It’s about this gang mentality of taking sides where sides don’t need to be taken. I really don’t think any one person should be telling anyone else what to do or say or believe. Sure, we can suggest that a specific tweet might be taken the wrong way but going around thinking everyone needs educating because they don’t share your opinion is patronising, not to mention rude.

This was basically a big ramble because I don’t have any answers except to say maybe we could all try to be a little kinder and not jump to conclusions so quickly. Because that’s the only way I can see the blogosphere improving its community right now.

Rachel x-x-x


The Art of Trying

Recently I’ve been inspired by this video by Dottie James. My introspective nature adores change. I love fresh starts and seeing progress and plotting out achievements in notebooks. But the perfectionist in me struggles with these things. One of my worst traits is my belief that if I can’t do something to its maximum then I don’t want to do it at all.

I’ve tried time and time again to make changes to my life. To exercise every day, to eat better, cut down on caffeine and a million others things I’d love to change. But, whenever I’ve made a start, I’ve been set back by one second of failure.

I constantly preach that it’s alright to miss a day or to fail but I know that I don’t really believe that. And I find it really hard when I’ve set myself a daily task and one day I just don’t have time for it. But watching Dottie’s video got me thinking. In her second video she goes back over her weekly and daily goals and sees how many times she achieved them and how many times she didn’t.

It’s not about succeeding every day. It’s not about berating yourself over not doing them. It’s just about trying.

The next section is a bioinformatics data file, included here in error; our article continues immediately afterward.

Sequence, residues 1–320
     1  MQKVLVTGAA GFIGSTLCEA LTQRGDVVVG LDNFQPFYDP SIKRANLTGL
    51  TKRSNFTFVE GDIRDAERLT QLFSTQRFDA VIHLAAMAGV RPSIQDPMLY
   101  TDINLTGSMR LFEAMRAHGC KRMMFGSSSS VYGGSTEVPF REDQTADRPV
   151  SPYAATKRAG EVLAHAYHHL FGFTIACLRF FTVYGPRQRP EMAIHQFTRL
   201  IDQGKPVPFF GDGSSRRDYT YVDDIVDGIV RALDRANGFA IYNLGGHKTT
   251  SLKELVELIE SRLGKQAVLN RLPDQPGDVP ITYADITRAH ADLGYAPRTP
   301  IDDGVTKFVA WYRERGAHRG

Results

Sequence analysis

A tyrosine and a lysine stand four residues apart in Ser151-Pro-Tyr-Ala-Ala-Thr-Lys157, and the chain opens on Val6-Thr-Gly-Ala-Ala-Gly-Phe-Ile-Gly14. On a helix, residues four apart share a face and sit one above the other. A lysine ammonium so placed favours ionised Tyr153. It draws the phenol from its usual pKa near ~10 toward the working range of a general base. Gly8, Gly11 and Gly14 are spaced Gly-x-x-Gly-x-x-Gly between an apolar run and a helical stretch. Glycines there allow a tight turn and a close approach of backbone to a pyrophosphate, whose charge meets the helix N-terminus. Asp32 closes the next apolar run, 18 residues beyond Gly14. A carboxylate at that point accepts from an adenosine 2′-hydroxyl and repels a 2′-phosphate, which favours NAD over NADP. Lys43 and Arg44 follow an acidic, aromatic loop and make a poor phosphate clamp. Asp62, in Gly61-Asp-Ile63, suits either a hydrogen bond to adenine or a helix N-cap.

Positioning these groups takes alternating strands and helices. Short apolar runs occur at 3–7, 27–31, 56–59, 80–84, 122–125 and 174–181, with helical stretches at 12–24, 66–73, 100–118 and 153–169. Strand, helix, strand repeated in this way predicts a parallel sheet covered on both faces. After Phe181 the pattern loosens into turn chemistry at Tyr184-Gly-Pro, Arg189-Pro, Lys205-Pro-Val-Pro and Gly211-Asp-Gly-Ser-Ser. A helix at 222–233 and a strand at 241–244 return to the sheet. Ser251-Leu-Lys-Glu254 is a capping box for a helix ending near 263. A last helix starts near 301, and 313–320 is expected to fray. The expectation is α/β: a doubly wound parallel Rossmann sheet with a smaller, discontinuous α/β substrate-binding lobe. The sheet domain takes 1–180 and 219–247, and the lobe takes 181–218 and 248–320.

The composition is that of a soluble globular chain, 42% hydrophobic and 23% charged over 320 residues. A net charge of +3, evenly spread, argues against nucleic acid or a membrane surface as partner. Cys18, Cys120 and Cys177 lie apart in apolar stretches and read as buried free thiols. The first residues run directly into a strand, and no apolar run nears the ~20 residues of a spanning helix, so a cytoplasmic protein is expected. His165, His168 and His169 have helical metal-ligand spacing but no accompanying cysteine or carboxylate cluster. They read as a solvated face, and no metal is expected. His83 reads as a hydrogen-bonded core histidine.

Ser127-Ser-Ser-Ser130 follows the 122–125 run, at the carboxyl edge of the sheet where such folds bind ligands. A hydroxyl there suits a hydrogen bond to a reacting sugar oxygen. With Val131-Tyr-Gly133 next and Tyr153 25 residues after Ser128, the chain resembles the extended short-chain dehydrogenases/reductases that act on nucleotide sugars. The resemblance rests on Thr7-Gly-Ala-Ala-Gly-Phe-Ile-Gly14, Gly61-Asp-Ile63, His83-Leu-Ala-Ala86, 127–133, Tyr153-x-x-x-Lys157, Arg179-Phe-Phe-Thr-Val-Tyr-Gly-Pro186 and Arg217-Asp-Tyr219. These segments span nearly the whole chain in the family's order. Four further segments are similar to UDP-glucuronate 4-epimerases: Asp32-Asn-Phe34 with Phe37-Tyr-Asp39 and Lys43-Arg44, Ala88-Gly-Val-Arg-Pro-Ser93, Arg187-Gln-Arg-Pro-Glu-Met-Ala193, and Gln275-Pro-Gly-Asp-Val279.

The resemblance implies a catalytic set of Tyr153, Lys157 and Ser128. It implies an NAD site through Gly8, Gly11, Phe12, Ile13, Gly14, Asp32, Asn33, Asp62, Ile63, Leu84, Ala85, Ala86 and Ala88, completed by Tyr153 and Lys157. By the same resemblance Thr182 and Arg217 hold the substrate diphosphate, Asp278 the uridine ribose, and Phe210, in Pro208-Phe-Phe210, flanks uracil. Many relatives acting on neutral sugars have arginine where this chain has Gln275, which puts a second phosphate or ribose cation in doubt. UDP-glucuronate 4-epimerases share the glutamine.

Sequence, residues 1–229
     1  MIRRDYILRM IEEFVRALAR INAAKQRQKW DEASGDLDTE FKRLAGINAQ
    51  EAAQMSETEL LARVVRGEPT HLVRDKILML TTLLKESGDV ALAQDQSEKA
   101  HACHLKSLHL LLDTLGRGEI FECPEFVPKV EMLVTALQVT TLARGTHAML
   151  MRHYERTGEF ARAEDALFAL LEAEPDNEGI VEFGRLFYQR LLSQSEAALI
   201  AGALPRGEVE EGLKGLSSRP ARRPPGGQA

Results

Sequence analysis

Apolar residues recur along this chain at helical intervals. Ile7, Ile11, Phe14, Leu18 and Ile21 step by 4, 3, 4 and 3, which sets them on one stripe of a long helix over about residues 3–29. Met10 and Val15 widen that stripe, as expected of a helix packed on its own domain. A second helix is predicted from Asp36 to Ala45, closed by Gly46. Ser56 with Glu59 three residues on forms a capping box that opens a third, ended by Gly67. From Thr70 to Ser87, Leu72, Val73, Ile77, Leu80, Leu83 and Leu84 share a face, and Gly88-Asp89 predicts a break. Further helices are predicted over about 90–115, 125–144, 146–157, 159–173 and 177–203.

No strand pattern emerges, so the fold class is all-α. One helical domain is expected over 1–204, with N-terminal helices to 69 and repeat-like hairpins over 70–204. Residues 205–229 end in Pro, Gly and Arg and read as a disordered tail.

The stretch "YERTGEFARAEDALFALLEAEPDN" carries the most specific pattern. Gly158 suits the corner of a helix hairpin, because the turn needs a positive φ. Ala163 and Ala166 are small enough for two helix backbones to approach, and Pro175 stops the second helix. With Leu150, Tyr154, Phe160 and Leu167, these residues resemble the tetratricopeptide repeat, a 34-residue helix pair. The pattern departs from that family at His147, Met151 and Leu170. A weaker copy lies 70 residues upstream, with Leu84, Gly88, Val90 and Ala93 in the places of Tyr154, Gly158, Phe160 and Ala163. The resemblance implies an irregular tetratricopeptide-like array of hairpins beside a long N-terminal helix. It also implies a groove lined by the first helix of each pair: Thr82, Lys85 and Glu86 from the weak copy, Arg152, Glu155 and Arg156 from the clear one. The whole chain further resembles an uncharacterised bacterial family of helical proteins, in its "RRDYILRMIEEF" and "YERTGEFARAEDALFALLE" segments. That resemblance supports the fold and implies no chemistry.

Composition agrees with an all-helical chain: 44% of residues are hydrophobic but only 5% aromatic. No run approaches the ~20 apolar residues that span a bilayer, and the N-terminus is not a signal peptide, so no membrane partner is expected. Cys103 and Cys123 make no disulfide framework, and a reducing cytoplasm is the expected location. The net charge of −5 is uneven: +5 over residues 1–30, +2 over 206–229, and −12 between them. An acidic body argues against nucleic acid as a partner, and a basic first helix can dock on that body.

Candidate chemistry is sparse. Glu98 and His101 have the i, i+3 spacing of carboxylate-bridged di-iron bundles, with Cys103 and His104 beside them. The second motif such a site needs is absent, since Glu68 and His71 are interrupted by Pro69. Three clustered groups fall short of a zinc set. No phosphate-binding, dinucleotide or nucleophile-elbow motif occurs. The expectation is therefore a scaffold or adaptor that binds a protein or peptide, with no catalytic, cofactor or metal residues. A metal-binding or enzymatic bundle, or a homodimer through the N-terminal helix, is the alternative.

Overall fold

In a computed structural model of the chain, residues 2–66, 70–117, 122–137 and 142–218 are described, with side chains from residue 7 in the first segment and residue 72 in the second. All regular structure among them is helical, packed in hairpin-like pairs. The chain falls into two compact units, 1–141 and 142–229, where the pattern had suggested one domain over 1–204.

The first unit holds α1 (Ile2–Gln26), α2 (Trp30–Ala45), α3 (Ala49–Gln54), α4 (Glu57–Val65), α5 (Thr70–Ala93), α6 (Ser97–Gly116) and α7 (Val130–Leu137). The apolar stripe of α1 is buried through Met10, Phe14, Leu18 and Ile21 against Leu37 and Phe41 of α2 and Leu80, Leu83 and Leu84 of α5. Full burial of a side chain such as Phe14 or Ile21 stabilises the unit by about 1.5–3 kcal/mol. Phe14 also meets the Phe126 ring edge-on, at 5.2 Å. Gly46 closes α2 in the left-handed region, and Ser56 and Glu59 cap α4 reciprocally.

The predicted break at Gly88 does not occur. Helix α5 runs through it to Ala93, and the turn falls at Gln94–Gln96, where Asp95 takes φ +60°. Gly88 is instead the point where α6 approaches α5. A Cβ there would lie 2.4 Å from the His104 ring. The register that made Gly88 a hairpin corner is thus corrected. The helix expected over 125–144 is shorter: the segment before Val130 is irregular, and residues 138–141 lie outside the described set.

This outlook has really changed the way I look at my own growth. At the start of the year I set myself 100 goals for the year (I was clearly feeling incredibly motivated at this point!). Some were tiny and some were much bigger but looking at them now, I can see that I’ve barely done any because 100 goals was far too overwhelming. So I’ve reassessed and set myself 3 big goals with lots of little sub-goals.

Saying Yes

I tend to play life safe. I don’t take big opportunities because I’m scared of failure and I rarely put myself “out there” in case of rejection. Honestly, I’m just really sick of being nervous of the outcome getting in the way of me doing things. So now I’m actively seeking out opportunities and living life a little bit more.

Saying No

This goal is all about me-time. I often say yes because it’s easy. Big surprise – this ends up meaning I spend a lot of time doing things for other people that I don’t really want to do.


I’m the first to admit that healthy living is often a bit of a fad for me. I go through phases where I eat well and exercise but when motivation slips these good habits fall straight off the radar. I’m also terrible for forgetting to take my B12 tablets (sorry Mum!) and I could definitely just look after myself a bit better.

Although I’ve made some small goals in each category, I mostly just want to enforce that I want to live my life better. There are going to be days where I don’t do things and that’s okay. Because really what I want to practice is the art of trying. Change will come from that.

Rachel x-x-x